McSwain called the police, who asked him to watch security footage of the plant from the early morning hours of March 6. Two cameras on Tyson's property captured critical evidence. First, an interior camera shot allowed McSwain to identify May leaving the guard shack for the parking lot at 2:57 a.m. and returning at 3:24 a.m. Second, an exterior camera continuously panned the parking lot. Its footage was low quality, but McSwain was able to see a person dressed in dark clothing and orange gloves swinging "what looked like" a white hard hat into his car window at 3:07 a.m. McSwain could not identify that person as May, though the clothing was consistent with what May was wearing when he left the guard shack and the gear was the same as issued to members of the load-out crew.

Police interviewed May on the afternoon of March 6. May denied committing the burglary and denied even leaving the plant during his break. The next day, police showed May the video image of him re-entering the plant at 3:24 a.m. Faced with that evidence, May admitted leaving the plant, but continued to deny breaking into McSwain's car.

Police searched May's locker, as well as the vehicle and house May shared with his girlfriend, but did not find the firearm belonging to McSwain. But Muse testified that he saw May with a handgun on March 8, 2012.

The State filed a trial information on March 19, 2012, charging May with burglary in the second degree, in violation of Iowa Code sections 713.1 and 713.5 (2011), and being a felon in possession of a firearm, in violation of section 724.26. An amended trial information charged May as an habitual offender.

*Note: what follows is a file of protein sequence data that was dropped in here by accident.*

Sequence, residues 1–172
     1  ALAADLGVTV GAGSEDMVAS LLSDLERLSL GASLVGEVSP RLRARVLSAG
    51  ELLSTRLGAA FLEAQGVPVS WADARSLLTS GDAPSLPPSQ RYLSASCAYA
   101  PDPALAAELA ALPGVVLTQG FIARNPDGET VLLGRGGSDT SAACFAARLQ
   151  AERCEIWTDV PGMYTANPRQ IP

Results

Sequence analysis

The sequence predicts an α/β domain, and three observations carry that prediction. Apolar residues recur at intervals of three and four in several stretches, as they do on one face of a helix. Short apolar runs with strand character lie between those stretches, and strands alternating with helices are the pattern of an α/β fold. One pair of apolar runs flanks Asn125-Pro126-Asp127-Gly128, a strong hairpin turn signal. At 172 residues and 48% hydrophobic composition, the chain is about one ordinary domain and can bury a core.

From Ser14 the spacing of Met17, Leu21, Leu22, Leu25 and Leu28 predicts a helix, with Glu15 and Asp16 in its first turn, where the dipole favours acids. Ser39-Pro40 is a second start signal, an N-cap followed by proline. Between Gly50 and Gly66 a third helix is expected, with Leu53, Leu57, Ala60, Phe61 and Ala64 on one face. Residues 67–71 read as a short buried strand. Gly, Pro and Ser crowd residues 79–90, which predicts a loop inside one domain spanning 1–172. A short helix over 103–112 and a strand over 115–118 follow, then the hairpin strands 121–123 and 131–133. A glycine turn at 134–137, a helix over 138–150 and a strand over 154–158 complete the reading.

The case went to trial on June 12, 2012. On June 15, 2012, the jury found May guilty on both counts. The district court sentenced May to two fifteen-year terms to be served concurrently. The court suspended the sentences and as a condition of May's probation required him to live at a residential correctional facility for one year or until he achieved maximum benefits. May now appeals his convictions.

II. Legal Analysis

May raises a single issue:[1] whether the State proved beyond a reasonable doubt that he was the person who broke into his coworker's car and took the firearm.

We review his challenge for correction of legal error. See State v. Meyers, 799 N.W.2d 132, 138 (Iowa 2011). The test is whether the evidence, taken in the light most favorable to the State, can be considered substantial; that is, whether it would convince a rational fact finder May is guilty beyond a reasonable doubt. See State v. McCullah, 787 N.W.2d 90, 93 (Iowa 2010). "We draw all fair and reasonable inferences that may be deduced from the evidence in the record." Meyers, 799 N.W.2d at 138. Circumstantial evidence is equally as probative as direct. Id.